The blocks, which are called Multifluidic Evolutionary Components (MECs) appeared in the journal PLOS ONE. Each block in the system performs a basic lab instrument task (pumping fluids, making measurements or interfacing with a user, for example). Since the blocks are designed to work together, users can build apparatus — like bioreactors for making alternative fuels or acid-base titration tools for high school chemistry classes — rapidly and efficiently. The blocks are especially well suited for resource-limited settings, where a library of blocks can create a variety of different research and diagnostic tools.
[Jason]’s at it again. This time the LEGO maestro is working on a LEGO BB-8 droid. As a first step he’s made a motorized monowheel that not only races along hallways and through living rooms at the peril of any passing people, but turns as well.
To drive it forward there’s an axle that runs across the center of the wheel and a motor that rotates that axle. He’s also included some weight bricks. Without the mass of those bricks for the rotation to work against, the motor and axle would just spin in place while the friction of the floor keeps the wheel from rotating. If you’ve seen the DIYer’s guide to making BB-8 drive systems, you’ll know that this is classified as an axle drive system.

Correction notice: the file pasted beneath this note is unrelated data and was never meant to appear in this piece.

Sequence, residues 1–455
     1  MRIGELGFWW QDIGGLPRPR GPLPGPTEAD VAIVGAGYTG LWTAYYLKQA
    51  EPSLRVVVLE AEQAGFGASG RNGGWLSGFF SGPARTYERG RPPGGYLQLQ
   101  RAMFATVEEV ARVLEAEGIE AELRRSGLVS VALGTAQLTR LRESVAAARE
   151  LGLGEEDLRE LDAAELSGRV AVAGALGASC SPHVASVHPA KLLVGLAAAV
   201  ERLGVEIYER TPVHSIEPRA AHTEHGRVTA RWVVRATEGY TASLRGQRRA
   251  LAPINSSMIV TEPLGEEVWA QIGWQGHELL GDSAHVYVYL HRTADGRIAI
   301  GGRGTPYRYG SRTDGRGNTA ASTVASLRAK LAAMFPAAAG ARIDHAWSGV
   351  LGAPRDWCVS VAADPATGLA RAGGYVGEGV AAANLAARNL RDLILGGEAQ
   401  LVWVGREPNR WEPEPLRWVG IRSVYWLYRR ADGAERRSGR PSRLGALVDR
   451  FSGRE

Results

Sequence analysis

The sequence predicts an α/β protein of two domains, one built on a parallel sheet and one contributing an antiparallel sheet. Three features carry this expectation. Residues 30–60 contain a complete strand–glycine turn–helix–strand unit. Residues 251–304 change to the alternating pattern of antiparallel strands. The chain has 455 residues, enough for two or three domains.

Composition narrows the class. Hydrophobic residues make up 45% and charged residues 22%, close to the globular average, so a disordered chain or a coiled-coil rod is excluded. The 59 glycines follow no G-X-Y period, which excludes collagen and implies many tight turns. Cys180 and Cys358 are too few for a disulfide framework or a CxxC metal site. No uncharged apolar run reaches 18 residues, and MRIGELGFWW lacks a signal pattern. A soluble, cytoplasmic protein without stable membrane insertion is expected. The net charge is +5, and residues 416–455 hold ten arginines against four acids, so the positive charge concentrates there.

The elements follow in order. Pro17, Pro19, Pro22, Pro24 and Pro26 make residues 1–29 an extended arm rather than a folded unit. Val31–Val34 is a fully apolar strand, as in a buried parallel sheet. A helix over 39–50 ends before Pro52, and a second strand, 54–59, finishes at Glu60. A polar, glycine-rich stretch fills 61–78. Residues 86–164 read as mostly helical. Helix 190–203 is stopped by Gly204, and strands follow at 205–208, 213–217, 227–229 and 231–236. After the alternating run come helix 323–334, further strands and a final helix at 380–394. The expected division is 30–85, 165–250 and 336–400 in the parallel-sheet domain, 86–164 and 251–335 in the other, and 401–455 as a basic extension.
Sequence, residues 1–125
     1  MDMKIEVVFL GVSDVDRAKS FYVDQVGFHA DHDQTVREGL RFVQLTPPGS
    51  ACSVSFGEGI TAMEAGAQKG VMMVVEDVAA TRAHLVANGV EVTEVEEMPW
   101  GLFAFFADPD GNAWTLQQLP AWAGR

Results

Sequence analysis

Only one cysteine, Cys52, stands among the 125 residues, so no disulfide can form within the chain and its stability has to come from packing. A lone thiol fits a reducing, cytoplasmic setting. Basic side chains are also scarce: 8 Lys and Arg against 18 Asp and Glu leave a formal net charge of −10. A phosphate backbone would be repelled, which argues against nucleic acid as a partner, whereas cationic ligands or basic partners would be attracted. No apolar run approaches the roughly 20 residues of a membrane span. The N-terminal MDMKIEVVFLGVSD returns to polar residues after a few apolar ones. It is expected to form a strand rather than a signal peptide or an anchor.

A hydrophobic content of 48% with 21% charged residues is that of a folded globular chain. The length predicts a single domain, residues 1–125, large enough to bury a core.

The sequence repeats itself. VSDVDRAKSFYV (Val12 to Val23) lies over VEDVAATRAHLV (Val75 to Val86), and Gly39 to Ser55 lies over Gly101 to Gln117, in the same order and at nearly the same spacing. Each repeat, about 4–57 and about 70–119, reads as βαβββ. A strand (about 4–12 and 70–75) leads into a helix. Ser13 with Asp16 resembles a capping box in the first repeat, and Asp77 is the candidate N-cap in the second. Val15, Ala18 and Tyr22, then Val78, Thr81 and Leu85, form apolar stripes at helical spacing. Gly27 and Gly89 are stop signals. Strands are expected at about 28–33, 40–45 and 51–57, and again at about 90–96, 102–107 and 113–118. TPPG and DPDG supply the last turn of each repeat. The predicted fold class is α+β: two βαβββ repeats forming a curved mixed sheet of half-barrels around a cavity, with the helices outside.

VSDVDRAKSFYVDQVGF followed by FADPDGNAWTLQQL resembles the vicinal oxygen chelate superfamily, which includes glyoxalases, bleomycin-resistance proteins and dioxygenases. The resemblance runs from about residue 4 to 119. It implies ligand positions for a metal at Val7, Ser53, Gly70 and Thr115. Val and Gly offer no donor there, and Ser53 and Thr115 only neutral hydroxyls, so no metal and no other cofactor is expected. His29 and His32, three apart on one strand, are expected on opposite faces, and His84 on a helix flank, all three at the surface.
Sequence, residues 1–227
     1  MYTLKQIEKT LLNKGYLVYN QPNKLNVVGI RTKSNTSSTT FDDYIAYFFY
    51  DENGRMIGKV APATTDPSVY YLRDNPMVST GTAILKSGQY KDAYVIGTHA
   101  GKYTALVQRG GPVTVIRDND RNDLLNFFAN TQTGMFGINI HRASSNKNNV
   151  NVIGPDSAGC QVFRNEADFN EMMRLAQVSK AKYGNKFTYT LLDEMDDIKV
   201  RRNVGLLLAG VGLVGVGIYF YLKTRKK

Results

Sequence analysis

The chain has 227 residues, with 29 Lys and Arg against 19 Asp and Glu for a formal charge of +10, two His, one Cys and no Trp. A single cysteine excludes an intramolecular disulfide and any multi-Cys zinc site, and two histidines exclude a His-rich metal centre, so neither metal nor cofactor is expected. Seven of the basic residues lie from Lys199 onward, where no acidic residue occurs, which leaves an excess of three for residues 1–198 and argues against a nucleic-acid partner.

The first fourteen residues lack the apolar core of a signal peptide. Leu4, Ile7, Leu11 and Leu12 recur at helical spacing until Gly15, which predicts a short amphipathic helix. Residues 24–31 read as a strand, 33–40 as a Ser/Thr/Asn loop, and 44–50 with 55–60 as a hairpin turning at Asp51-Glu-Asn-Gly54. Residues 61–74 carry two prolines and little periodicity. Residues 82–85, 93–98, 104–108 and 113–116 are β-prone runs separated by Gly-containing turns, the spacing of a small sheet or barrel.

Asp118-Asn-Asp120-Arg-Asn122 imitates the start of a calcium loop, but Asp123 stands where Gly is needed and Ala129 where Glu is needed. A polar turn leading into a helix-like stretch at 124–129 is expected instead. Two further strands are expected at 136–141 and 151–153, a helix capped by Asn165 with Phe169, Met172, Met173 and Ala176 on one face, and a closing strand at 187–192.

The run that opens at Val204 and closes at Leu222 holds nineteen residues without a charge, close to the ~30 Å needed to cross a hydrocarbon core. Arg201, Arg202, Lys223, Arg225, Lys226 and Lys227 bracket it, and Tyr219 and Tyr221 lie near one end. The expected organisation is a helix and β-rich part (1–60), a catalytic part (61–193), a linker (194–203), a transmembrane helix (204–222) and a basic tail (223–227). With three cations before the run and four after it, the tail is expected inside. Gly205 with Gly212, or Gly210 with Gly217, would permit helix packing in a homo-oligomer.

For steering the monowheel left or right he has another mass located just above the axle. Shifting the mass to the left causes the monowheel to lean and move in that direction. Shifting the mass to the right makes the wheel move to the right in the same fashion. Being ever efficient, [Jason] has the motor that shifts the mass doubling as the mass itself.
As with any proof-of-concept, there are still some issues to work out. When turning the wheel left or right it can tip onto its side. Ridges on both sides of the wheel’s circumference reduce the chances of that happening but don’t eliminate it altogether. Also, the steering mass/motor doesn’t yet have a self-centering mechanism; after a turn it’s up to the person holding the remote control to find center. If the mass isn’t correctly centered after a turn, there tends to be some wobble.
As always, we’re looking forward to seeing how [Jason] solves those issues but first he’ll have to put it back together since, as you can see from the video below, it didn’t quite pass the stair test.
Music is a mystery to some of us. Sure, we know what we like when we hear it, but the idea of actually being able to make it baffles us. And the idea of being able to build new instruments to create it, like this paper-tape programmable music box (YouTube, embedded below), is beyond impressive.